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Jakarta Post

Gendarussa not popular in Papua

  • The Jakarta Post

    The Jakarta Post

Jayapura/Surabaya   /   Sun, May 11, 2014   /  11:11 am
Gendarussa not popular in Papua

Ubiquitous: Often used as hedgerows in many villages across Indonesia, the gendarussa plant has long been used as a remedy for anxiety, human influenza, skin diseases and arthritis.

Hermina was surprised to find out that the shrub fencing around her home in Kotaraja, Jayapura, could be made into male contraceptive pills.

'€œI didn'€™t know that. I didn'€™t know that is has curative uses whatsoever. I grow it because it is easy to trim,'€ she said.

The information about the gendarussa plant with its contraceptive use for men was first heard about in 1992 when a resident of Kanda, located some 10 kilometers from Sentani, Jayapura, suggested that the province'€™s National Population and Family Planning Board (BKKBN) office develop it.

In the anonymous proposal, the resident explained the plant'€™s dried leaves should be spread on beds, which had already been covered with banana and coconut leaves.

It said the dried leaves should stick to the body of the user during intercourse to be effective.

'€œWe didn'€™t look further into the proposal because, from the description of it, it would be difficult to prove,'€ said the office'€™s staffer Agus Fauzi.

He said the proposal'€™s sender also mentioned that the users were mostly married men who had not paid their wives'€™ dowries.

Surabaya-based Airlangga University researcher Bambang Prajogo Eko Wardojo said that he only had secondary information about the plant'€™s function.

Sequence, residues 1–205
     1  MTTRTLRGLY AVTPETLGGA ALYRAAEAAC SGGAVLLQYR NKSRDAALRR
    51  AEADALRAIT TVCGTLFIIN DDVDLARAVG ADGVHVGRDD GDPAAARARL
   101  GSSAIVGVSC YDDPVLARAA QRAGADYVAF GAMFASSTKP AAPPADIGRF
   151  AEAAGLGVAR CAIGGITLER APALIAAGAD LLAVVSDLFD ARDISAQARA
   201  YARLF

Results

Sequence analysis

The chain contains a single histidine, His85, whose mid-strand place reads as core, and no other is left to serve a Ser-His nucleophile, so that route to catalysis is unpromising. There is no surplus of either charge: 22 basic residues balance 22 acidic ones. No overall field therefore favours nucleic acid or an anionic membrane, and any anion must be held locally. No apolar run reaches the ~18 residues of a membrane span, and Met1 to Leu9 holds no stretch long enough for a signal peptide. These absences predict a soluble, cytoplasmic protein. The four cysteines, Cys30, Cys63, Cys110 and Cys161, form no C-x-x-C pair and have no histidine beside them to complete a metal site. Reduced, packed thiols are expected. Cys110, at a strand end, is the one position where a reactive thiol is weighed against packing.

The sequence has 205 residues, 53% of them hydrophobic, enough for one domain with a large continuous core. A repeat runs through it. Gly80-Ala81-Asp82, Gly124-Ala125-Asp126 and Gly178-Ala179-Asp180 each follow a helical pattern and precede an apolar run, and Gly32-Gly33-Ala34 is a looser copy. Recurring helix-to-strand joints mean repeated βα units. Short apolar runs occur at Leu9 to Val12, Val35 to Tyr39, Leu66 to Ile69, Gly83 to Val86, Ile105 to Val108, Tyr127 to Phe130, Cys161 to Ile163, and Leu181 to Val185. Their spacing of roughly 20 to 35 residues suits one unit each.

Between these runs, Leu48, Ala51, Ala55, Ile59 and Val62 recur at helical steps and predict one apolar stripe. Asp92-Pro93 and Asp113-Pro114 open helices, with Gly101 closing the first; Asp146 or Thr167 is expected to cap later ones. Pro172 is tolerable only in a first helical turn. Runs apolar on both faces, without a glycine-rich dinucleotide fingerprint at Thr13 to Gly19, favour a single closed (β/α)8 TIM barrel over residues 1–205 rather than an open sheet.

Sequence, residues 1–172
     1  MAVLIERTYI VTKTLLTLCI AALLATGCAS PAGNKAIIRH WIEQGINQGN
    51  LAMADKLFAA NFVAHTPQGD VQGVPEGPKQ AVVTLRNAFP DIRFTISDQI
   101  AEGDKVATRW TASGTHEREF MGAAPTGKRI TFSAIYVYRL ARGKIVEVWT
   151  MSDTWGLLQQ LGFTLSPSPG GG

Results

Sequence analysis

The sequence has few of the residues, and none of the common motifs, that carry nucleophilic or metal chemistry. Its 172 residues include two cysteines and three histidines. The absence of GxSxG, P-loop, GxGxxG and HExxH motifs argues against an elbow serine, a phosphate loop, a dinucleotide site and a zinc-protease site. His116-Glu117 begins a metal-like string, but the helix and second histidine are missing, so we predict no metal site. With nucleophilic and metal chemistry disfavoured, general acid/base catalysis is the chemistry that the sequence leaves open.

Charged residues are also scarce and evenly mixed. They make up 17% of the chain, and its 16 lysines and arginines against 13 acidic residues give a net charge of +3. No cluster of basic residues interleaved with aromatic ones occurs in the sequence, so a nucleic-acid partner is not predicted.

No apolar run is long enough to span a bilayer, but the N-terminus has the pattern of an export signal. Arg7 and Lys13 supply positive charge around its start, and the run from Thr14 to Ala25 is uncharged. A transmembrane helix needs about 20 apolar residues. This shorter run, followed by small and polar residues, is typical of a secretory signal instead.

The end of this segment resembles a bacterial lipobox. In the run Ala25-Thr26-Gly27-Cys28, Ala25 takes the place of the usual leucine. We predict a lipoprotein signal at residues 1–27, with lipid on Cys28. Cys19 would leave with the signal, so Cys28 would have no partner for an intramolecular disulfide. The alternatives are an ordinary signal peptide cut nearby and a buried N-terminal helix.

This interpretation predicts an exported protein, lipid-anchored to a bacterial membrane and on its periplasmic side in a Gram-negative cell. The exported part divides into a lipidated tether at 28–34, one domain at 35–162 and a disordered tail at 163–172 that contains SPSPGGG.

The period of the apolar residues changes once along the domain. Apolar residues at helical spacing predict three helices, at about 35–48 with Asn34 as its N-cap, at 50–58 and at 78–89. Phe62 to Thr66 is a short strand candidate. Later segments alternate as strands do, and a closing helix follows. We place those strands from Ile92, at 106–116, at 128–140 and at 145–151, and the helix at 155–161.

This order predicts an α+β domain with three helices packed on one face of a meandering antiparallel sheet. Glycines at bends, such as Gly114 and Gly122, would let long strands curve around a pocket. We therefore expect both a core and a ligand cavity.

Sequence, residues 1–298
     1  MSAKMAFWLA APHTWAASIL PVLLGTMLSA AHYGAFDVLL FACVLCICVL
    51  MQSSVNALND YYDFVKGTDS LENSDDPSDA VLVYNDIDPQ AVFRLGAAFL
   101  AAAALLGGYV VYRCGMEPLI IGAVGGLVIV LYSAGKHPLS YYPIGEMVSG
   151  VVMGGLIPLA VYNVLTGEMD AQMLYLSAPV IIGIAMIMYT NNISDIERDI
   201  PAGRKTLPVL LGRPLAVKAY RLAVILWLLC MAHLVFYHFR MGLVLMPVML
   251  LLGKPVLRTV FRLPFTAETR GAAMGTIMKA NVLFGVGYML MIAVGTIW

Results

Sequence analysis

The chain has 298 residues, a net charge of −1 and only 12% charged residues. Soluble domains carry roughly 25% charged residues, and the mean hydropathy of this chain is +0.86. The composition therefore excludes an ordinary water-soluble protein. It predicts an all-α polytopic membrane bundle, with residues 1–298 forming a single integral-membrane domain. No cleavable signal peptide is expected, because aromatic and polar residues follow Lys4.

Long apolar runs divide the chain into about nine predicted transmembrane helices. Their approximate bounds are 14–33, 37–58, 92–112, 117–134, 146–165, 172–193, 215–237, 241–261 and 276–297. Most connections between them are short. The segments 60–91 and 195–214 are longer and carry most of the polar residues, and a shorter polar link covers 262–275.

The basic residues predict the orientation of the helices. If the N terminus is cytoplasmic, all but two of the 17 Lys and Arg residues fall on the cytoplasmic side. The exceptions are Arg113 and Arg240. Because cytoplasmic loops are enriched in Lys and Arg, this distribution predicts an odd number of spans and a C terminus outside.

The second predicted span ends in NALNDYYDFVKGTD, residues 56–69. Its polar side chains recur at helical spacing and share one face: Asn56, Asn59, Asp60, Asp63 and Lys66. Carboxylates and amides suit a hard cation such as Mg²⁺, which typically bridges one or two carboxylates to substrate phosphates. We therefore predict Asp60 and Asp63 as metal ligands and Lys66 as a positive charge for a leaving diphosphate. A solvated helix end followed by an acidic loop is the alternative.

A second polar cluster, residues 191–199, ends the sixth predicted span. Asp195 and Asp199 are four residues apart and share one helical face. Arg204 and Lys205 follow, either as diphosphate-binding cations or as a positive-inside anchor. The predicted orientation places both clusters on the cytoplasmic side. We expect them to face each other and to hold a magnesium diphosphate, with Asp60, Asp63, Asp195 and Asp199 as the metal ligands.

In the story he got, the ethnic group in the remote area of Sentani consumed the water after boiling the plant'€™s leaves 30 minutes prior to intercourse for the contraceptive effect to kick in.

The plant, he said, had become a panacea for married men in the ethnic group who had yet to pay off their dowries.

In their culture, he added, a man was not allowed to get his wife pregnant before paying the dowry in full.

However, only a small bunch of gendarussa shrubs could be found in Kanda.

'€œNone of us here know that story. We don'€™t use gendarussa for anything. As far as we know it comes from another place, it did not originate here. Our ancestors used to plant certain shrubs to expel evil spirits, but as we now embrace Christianity the plant no longer exists here,'€ said Jeffri, a Kanda resident.

A senior researcher at Papua'€™s Cenderawasih University, Made Budi, said that none of the researchers in the province had analyzed the plant.

Made, the lead researcher into buah merah (red fruit) that is said to have the potential to cure HIV, said that gendarussa was not popular in Papua.

'€œThe use of gendarussa could only have been by an isolated family, a secret family recipe that was not
for public sharing. Even if there is someone in Kanda who has the knowledge, it does not necessarily mean everyone else does.'€

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